The Government of India had introduced the Taxation (Amendment) Ordinance, 2019 on September 20, 2019. Several amendments were made to the Income-tax Act, 1961 through this Ordinance. Changes such as cut in corporate tax rate for domestic companies as well as for manufacturing companies were announced. Also MAT rate had been reduced from 18.5% to 15% from the financial year 2019-20, i.e., assessment year 2020-21.
Thereafter on November 21, 2019, “The Taxation Laws (Amendment) Bill, 2019” has been introduced to replace the aforesaid ordinance. However, the bill makes confusion because it says that MAT will be applicable “for previous year commencing on or after April 1, 2020”.
Which means that reduction in rate of MAT would apply from the assessment year 2021-22 instead of Assessment year 2020-21. Therefore, before passage of bill into Act, it should be clarified by the Ministry of Finance that reduction in rate of MAT would apply from which year because many corporate assessees have done their planning based on lower rate of MAT.
In order to enable Indian Manufactures become competitive, the government had introduced the Ordinance that comprised of three tax measures:
(i) New manufacturing companies set up after October 1, 2019 will enjoy lower rate of income tax @ 15% and will be spared of MAT.
(ii) Existing companies which claim no deduction or exemption will pay an income tax of 22% (which works out to 25.17% including cess and surcharge) and no MAT would be applicable to them.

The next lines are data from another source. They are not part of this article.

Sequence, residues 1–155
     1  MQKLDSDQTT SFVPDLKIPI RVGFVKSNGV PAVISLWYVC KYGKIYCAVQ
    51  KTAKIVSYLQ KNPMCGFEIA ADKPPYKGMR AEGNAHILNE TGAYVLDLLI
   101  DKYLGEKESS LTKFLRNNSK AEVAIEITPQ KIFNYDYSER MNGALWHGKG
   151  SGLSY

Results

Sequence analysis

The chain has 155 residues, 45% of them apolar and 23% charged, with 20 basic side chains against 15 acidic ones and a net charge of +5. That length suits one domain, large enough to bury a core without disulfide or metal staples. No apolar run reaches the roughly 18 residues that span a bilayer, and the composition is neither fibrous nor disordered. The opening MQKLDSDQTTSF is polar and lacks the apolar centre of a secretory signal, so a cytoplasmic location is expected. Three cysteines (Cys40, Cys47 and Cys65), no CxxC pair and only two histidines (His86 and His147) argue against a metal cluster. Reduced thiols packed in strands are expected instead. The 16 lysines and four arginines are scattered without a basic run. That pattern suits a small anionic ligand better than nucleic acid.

(iii) Companies that continue to claim exemption and deductions will have to pay lower rate of MAT @ 15% as against @ 18.5%.
So, the Ordinance said that the lower MAT will be effective immediately (i.e. from Assessment year 2020-21) while the Bill states that the reduced MAT will come into force from assessment year 2021-22 (that is the previous year commencing on or after April 1, 2020), Thus, there appears to be a one year deferral in the MAT rate reduction.
Therefore, it is suggested that while passage of bill into Act, in the proviso to section 115JB(1)(a) the word “previous” should be omitted to clear that the reduced rate of MAT would apply from assessment year 2020-21.
Differences between Ordinance and Act
A ‘Bill’ can be considered as initial stage of an Act. Bill is a proposal to make a new law. Usually, Bill is in the form of a document that summaries what is the policy behind the proposed law and what is to be the proposed law.
A Bill can be introduced by government itself or proposed by a member of the Parliament. The Bill is placed in the Lower House of the Parliament and after discussions once it has been passed, the Bill goes to the Upper house for approval. Once the Bill gets passed by the Upper House it is sent to the President for his assent. Finally a Bill becomes a Law (Act) of the land once it has been passed by the parliament and also gets assent from the President.
The term ‘law’ in general refers to the set of regulations or rules to be followed. Law can be in the form of an act, ordinance, order, bye-laws, rule, regulation etc. An act is a subset of law.
Ordinances are temporary laws that are circulated by the President of India on the recommendation of the Union Cabinet. They can only be delivered when the Parliament is not in session. They enable the Indian Government to take immediate legislative action.
At times, when the legislature of the Union is not in session and there is a need to make a legislation (Act) in emergency. In such cases, the Government refers a proposal to the President or Governor, and if they approve of them, it becomes an Ordinance. Legally, an Ordinance is the equal to Act. It can be seen as a temporary law till its expiry or till it is repealed or it is approved by the legislature.
H. N. Motiwalla